Old Dominion University's Quest
Those who believe that capital markets—that is, markets for stocks and bonds—operate efficiently and asset prices fully reflect all publicly available information are engaged in an ongoing debate about the exact interpretation of the “value premium” with those who reject this view. Value premium refers to the superior returns generated by the purchase of value stocks relative to growth, or glamour, stocks. Rationalists, the group believing in market efficiency, argue that because value stocks are fundamentally riskier than growth stocks, the value premium is compensation for bearing risk. Behavioralists, the group arguing that market asset prices don’t reflect all publicly available information, however, claim that value stocks produce higher returns mostly because investors consistently overestimate the future earnings of growth stocks relative to value stocks. The essence of this argument is that investors are excessively pessimistic about value stocks because they tie their earnings expectations to past earnings. That is, investors make systematic errors in predicting future growth in earnings for value stocks, and investors’ excessive pessimism about these stocks causes the superior performance of value stocks relative to growth stocks. This behavioral explanation of the value premium is known as the “extrapolation” or “errors-in-expectations” explanation, and many researchers support it.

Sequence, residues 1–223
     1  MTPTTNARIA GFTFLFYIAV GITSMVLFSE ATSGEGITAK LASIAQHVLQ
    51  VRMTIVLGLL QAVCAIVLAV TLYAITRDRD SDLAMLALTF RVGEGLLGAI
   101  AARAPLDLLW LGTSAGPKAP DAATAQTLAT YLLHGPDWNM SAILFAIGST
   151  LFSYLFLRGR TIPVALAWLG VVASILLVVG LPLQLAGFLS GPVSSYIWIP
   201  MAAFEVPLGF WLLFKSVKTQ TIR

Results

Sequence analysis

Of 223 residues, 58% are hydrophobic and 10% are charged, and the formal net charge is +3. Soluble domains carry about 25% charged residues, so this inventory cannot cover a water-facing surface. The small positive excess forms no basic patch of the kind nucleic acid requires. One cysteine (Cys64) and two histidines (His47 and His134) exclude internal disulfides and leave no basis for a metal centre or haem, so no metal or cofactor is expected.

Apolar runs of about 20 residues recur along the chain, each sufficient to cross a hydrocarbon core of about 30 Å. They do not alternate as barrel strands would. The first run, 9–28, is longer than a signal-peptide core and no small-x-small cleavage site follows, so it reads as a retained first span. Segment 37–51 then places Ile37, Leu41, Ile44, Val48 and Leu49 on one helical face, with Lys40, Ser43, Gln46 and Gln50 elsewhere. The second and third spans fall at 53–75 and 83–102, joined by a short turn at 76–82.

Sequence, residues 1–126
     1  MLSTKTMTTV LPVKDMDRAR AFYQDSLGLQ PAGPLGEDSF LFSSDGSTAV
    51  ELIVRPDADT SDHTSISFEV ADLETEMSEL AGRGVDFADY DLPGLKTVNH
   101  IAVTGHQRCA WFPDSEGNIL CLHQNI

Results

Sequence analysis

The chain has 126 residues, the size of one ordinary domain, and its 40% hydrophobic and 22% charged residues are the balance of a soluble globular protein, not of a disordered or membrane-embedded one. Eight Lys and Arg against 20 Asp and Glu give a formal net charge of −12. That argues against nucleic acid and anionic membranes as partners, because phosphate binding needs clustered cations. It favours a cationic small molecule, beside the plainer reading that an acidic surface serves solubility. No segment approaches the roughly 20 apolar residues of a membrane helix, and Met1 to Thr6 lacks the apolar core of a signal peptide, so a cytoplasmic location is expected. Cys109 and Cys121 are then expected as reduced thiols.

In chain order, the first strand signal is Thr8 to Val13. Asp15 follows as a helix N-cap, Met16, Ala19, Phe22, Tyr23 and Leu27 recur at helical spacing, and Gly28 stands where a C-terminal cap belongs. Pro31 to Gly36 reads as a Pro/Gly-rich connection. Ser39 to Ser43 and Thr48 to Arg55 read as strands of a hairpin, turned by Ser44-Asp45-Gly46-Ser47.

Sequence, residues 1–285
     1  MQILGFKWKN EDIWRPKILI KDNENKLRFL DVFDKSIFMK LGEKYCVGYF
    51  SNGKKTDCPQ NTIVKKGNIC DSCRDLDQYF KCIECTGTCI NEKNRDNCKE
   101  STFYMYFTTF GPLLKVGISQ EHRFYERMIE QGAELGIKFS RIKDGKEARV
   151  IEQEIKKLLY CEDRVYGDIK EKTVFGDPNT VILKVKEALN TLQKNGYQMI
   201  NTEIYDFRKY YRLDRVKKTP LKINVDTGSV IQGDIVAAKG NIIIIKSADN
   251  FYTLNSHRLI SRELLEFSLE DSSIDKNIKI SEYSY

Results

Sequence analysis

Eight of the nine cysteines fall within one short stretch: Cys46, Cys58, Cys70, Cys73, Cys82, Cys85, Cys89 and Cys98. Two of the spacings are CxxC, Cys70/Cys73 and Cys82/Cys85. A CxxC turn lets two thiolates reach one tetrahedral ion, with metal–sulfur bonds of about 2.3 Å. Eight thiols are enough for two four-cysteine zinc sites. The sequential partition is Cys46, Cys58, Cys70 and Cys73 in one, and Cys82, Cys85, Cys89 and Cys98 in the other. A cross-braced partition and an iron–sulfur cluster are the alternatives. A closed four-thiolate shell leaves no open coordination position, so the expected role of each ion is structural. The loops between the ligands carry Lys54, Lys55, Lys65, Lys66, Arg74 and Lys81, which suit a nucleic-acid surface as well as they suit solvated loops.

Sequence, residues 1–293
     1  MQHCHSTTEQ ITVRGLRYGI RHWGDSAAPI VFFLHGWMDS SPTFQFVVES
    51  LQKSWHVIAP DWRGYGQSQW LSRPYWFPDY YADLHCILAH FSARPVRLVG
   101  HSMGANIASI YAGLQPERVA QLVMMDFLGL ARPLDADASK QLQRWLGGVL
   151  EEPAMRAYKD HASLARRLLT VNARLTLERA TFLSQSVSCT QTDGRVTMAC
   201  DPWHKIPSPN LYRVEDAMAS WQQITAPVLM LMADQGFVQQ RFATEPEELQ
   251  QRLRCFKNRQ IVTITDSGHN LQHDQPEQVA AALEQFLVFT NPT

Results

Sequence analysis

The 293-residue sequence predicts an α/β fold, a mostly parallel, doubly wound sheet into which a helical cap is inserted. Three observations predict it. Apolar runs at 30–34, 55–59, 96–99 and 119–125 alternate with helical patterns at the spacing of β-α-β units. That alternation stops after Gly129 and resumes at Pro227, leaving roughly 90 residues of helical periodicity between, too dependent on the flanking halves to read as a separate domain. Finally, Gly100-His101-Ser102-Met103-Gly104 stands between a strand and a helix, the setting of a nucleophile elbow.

Original Publication Citation
Doukas, J. A. (2006). Divergent opinions and value stock performance. Old Dominion University's Quest, 9(1), 32-34.
Doukas, John A., "Divergent Opinions and Value Stock Performance" (2006). Finance Faculty Publications. 18.